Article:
Data, Opinion, and Bears, Oh My

posted Jul 14, 2014, 2:50 PM by Katie Shook

Monday July 14, 2014

The problem with the markets at or near all-time highs is that speculation, rumor, and opinion also reaches all time highs.  After a big pull-back you’ve got this prior price history to fall back on for comparison.  Is the recovery rational?  Even if it isn’t, at least you can point to times in the past were people were crazy enough to pay ‘those’ prices.  It’s basically using group anchoring bias as a means of determining whether or not a price is rational.

Take the NASDAQ for instance.  We’ve still not seen the all-time highs of early 2000.  It’s been 14 year now.  But, relative to the S&P500 of the DOW30, the NASDAQ seems strangely rational at these levels.  Meanwhile, the others indexes are driving the bull/bear debate.

Generally speaking, the data isn’t that bad.  You can certainly manipulate it to support an opinion one way or the other.  But by-and-large, things seem to be improving; earnings are ok so far; multiples (outside of social media and a few specific stocks) aren’t totally out to lunch; and economic data indicates we’re on the up-swing.  There’s nothing that immediately jumps out at you and says ‘this thing is way over-cooked right now.’  In fact, it’s the opposite.  The big case for the a pull-back is more about superstition it seems.  “We’re do” is the sort of language that gets tossed around.

Enter the world of outlandish opinion.

Perhaps the best thing the bulls have in their camp is that the debate is not settled.  There is a lot of uncertainty about where this market is headed.  The lack of consensus leaves the option for this market to go higher.  There are a few head scratchers that make one pause though.  A couple of concerns I have looking out for the next month or two are the generally low volatility and the generally declining short interest in the market.  The latter is the bigger concern.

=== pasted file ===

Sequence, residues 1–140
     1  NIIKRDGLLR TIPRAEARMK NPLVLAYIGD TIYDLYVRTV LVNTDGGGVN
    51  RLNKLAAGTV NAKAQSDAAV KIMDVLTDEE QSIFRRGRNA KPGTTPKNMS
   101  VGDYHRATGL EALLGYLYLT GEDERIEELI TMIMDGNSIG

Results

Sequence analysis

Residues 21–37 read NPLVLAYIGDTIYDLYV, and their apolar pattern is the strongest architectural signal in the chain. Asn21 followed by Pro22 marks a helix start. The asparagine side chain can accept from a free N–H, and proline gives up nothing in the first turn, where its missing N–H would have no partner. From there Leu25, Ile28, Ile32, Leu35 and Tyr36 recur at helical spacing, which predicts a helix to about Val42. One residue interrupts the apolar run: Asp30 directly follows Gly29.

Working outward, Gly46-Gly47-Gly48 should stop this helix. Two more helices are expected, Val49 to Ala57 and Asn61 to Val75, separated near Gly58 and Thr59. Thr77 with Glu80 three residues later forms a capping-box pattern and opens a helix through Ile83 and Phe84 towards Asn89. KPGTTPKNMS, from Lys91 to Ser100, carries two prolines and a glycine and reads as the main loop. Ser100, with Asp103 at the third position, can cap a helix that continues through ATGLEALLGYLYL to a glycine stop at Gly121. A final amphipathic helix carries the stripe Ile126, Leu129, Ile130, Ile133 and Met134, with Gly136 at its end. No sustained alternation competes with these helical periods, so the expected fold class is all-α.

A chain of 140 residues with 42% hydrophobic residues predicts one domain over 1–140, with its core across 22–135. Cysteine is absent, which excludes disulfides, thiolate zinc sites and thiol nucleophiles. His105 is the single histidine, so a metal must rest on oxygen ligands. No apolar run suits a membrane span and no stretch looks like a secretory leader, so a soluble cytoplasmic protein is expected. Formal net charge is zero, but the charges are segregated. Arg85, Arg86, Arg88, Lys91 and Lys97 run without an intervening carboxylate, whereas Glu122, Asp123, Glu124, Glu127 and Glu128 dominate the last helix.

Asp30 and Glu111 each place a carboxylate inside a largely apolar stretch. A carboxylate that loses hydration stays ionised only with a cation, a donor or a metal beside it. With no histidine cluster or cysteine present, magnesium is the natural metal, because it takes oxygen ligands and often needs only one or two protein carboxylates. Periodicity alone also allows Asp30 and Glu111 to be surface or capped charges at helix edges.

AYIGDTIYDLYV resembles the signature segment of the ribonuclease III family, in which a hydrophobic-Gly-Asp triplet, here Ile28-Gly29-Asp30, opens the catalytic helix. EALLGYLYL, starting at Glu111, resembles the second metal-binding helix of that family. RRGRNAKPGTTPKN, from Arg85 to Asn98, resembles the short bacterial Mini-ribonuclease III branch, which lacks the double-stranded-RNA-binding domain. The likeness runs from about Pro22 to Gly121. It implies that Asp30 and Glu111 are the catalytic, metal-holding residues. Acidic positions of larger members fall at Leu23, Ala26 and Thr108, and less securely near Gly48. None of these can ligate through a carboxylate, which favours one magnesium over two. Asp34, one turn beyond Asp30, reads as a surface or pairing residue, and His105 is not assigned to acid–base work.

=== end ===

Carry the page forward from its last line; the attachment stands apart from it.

Traders who take short positions are an important part of the supply-and-demand equation for market operations.  When prices fall, short buyers end up creating a portion of the demand.  Without the short buyers, there’s a potential lack of buyers for a declining stock.  This puts sellers in the position of having to further discount their shares in order to find a willing buyer, since only the long buyers are looking to purchase.  Fewer participants in an auction lead to potentially greater price gaps and a widening bid/ask spread.  That can mean bigger drops because of the ‘vacuum’ this situation creates.

Are we at the point where a short vacuum is being created?  I don’t know.  Should superstition become a self-fulfilling prophecy, it’s entirely possible the markets could drop quickly because of this set up.  But if irony has anything to do with it, this won’t occur in until early August right about the time I have my vacation scheduled.  So we’re probably safe for now (cue the sarcasm font).

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